iPads see varied classroom usage


Manitou Springs School District 14 is the first public school in the country to give iPads to every one of its students. However, all of the teachers in the high school aren’t in agreement on the usefulness of the new technology.

Mr. Hilt’s cubbies, where students put their iPads and other electronic devices upon entering the classroom. Photo by Mariah Unruh.

Brian Brown was one of three teachers to use iPads last year. “I find [iPads] to be very helpful to myself and my students,” said Brown. “We spend about sixty percent of class time on the them.”

Students in Brown’s world history class will find themselves blogging, taking quizzes, and even taking notes on their iPads.

“I don’t know if I’m overusing them. It’s really an experiment at this point,” said Brown.

Timothy Hilt has a very different iPad policy in his American literature and English I Honors classes. Students in those classes must check their phones and iPads at the door and put them in their respective cubbies.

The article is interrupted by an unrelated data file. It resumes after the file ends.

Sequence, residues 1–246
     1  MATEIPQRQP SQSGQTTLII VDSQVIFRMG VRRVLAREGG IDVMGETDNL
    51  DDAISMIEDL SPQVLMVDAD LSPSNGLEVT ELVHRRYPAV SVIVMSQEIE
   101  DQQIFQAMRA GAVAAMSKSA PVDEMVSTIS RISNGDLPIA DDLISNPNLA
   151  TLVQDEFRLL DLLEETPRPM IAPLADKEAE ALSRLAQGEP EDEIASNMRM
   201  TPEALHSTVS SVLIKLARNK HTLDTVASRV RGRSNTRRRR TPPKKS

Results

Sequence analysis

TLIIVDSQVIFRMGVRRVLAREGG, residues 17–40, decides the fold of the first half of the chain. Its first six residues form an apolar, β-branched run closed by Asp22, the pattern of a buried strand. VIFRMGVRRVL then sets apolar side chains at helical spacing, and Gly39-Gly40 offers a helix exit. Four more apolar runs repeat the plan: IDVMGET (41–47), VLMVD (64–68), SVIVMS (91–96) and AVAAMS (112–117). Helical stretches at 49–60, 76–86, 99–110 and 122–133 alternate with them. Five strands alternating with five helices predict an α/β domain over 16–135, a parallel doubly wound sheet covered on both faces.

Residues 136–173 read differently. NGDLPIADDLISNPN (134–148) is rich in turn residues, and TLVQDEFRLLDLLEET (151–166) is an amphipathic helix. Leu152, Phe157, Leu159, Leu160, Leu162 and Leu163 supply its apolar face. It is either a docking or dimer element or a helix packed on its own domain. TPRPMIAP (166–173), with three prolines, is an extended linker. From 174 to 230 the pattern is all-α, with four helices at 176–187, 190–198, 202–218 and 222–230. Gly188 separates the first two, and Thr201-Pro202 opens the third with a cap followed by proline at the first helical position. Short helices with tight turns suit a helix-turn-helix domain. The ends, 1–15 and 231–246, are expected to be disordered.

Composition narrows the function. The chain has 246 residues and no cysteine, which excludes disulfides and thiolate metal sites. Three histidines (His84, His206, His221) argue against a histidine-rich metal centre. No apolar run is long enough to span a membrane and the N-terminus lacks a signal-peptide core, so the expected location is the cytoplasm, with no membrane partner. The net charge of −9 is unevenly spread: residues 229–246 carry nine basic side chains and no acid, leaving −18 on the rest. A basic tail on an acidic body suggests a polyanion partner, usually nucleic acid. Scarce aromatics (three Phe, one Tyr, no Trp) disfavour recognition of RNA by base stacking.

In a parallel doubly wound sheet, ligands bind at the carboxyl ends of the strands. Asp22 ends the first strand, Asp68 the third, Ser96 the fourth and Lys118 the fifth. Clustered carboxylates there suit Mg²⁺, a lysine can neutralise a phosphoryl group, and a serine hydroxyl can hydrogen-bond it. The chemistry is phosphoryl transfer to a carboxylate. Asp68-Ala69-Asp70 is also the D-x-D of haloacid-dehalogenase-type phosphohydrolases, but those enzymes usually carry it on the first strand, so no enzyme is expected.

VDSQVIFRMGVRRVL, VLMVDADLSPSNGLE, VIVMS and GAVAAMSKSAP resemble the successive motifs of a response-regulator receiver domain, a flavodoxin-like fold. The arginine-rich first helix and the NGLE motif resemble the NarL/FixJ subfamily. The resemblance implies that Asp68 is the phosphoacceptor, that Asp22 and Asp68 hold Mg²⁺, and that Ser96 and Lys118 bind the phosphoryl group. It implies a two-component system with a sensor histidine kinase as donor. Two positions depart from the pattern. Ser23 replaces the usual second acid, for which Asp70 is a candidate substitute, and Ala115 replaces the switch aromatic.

“I’m not using them too much,” said Hilt. “Everything I need is in the textbook.”

Despite spending the majority of class without technology, during study time Hilt allows his students to go back and use their iPads.

Hilt does plan to increase his implementation of the iPads, however. His English I Honors class will read an entire novel on them.

“I see [iPads] as a tool for success, but they can also be tool for distraction. They’re not a magic bullet,” said Hilt.

By Keegan Bockhorst